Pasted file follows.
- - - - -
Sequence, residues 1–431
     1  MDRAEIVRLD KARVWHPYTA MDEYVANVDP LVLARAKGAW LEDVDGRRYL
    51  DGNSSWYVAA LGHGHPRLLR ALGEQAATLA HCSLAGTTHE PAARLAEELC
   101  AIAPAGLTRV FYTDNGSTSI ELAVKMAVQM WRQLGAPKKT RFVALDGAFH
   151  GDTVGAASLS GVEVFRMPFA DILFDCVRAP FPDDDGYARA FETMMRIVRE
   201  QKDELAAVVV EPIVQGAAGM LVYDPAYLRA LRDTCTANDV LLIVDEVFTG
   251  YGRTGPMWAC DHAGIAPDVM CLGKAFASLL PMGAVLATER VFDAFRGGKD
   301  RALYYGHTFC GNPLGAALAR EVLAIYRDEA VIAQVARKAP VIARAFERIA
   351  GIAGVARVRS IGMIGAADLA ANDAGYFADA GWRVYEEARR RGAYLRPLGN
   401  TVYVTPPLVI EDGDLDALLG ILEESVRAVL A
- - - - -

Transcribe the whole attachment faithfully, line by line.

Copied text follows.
Sequence, residues 1–431
     1  MDRAEIVRLD KARVWHPYTA MDEYVANVDP LVLARAKGAW LEDVDGRRYL
    51  DGNSSWYVAA LGHGHPRLLR ALGEQAATLA HCSLAGTTHE PAARLAEELC
   101  AIAPAGLTRV FYTDNGSTSI ELAVKMAVQM WRQLGAPKKT RFVALDGAFH
   151  GDTVGAASLS GVEVFRMPFA DILFDCVRAP FPDDDGYARA FETMMRIVRE
   201  QKDELAAVVV EPIVQGAAGM LVYDPAYLRA LRDTCTANDV LLIVDEVFTG
   251  YGRTGPMWAC DHAGIAPDVM CLGKAFASLL PMGAVLATER VFDAFRGGKD
   301  RALYYGHTFC GNPLGAALAR EVLAIYRDEA VIAQVARKAP VIARAFERIA
   351  GIAGVARVRS IGMIGAADLA ANDAGYFADA GWRVYEEARR RGAYLRPLGN
   401  TVYVTPPLVI EDGDLDALLG ILEESVRAVL A